My grandparents on both sides were Orthodox Jews, and that was my earliest influence. I can still remember going to services at SouthEast Hebrew Congregation, an Orthodox synagogue in Washington, DC, with my grandfather when I was no more than 4 or 5 years old. We moved to the suburbs and my parents became founding members of Temple Israel in Silver Spring, a conservative congregation where I attended Hebrew School and where I celebrated becoming a Bar Mitzvah.
When Temple Israel closed, I started my journey for another spiritual center, which led to Temple Emanuel, a Reform synagogue in Kensington, Maryland. With the support of Rabbi Warren Stone and the then Cantor, Gershon Sillins, I studied Torah in earnest, and I became an active member of the congregation.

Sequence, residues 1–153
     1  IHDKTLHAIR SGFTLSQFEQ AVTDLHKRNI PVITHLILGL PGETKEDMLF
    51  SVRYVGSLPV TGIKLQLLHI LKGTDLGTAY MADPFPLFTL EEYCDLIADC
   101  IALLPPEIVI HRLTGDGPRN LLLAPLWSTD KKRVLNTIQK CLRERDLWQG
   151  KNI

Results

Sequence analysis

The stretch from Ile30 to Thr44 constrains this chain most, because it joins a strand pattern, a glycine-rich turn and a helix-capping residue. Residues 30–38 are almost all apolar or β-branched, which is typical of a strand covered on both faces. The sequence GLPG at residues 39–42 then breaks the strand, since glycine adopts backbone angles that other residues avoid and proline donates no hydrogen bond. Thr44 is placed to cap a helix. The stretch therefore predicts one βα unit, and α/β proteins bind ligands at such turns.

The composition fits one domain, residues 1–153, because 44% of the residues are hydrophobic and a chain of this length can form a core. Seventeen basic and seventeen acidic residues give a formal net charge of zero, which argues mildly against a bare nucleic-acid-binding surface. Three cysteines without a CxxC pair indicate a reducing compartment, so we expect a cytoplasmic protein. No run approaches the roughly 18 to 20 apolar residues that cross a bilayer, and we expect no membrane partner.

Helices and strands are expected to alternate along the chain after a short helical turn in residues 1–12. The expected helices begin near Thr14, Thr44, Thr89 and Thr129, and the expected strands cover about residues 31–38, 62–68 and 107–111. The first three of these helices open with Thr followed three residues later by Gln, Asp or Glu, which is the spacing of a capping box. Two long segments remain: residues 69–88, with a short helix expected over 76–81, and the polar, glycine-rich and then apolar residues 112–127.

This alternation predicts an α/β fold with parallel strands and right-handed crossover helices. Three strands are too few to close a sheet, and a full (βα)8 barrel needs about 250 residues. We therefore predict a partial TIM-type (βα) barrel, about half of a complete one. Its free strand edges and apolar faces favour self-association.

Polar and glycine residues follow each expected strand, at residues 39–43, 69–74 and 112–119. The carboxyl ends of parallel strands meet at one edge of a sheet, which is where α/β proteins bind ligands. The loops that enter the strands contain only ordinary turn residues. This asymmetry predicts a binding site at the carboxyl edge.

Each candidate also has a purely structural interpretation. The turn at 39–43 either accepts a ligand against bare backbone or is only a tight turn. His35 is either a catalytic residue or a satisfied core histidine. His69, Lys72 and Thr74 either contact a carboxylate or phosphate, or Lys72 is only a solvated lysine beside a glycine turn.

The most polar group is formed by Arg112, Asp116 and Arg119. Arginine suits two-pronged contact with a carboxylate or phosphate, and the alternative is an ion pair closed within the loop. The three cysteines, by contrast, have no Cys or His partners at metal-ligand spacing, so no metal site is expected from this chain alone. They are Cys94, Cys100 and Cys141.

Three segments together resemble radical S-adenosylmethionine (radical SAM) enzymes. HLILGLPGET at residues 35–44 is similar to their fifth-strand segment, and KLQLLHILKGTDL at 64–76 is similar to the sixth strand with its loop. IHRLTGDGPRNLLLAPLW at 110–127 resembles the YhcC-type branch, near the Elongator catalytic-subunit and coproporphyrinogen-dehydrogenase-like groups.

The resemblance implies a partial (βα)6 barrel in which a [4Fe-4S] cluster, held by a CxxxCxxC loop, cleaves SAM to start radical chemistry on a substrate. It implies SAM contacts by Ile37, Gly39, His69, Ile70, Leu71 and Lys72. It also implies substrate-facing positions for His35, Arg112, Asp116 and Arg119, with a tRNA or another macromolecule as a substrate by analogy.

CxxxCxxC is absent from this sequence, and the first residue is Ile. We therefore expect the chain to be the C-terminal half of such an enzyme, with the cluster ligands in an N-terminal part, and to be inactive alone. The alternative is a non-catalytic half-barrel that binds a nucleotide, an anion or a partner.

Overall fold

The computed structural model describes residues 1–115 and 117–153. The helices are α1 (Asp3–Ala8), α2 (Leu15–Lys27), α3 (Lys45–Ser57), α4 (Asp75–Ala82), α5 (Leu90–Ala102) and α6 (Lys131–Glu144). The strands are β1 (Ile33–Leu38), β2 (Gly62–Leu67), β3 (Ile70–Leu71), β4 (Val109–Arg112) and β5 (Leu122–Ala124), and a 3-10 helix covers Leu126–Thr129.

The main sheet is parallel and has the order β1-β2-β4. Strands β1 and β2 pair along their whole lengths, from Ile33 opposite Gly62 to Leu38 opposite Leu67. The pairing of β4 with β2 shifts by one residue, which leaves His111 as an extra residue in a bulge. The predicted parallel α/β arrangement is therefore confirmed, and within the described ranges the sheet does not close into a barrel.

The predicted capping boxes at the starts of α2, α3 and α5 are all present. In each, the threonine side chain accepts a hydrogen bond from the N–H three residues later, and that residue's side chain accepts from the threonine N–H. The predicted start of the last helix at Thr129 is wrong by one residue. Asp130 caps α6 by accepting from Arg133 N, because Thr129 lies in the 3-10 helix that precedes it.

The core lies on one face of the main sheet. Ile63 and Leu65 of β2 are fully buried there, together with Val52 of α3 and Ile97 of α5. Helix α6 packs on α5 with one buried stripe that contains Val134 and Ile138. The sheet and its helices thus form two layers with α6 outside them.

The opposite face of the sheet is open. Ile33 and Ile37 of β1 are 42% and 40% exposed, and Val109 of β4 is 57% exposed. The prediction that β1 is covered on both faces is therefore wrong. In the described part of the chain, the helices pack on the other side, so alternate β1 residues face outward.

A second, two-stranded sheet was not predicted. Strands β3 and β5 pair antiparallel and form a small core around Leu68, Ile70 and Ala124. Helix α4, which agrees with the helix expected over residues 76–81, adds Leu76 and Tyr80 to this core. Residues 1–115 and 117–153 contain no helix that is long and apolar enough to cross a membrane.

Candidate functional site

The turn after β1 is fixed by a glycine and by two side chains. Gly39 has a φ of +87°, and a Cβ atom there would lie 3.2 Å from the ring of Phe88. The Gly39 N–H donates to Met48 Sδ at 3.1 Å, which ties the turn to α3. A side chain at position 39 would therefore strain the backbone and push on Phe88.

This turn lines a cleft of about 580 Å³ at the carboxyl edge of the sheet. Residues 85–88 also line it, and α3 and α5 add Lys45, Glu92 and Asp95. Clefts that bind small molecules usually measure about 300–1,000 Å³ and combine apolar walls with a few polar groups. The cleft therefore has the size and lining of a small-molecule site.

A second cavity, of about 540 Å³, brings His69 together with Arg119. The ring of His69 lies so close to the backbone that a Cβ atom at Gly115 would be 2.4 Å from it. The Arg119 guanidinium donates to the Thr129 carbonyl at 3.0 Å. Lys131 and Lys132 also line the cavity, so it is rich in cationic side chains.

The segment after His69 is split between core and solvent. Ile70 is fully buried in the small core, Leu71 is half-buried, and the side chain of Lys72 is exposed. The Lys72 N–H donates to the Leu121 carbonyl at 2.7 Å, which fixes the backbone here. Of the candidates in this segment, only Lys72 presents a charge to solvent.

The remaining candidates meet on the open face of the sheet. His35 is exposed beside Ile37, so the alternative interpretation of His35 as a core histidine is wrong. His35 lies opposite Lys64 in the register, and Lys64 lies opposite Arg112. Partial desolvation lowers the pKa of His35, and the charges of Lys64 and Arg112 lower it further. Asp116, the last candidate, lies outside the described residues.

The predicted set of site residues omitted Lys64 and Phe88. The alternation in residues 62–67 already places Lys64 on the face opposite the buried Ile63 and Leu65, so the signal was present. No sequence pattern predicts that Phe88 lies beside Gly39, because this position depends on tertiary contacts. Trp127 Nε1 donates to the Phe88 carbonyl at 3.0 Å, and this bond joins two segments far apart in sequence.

Eventually, I was given the opportunity to substitute at Friday night services for the cantor, and then, the fateful day, when I conducted a Friday night service as the substitute for the rabbi. These experiences inspired me to study to be a para-rabbi at Hebrew Union College in Cincinnati.
My training continued, and I was eventually ordained as a rabbi by Rabbi Joseph Gelberman (of blessed memory) of Rabbinical Seminary International in New York City. (Rabbi Gelberman is the one in the white robe, sitting behind me during our ordination ceremony).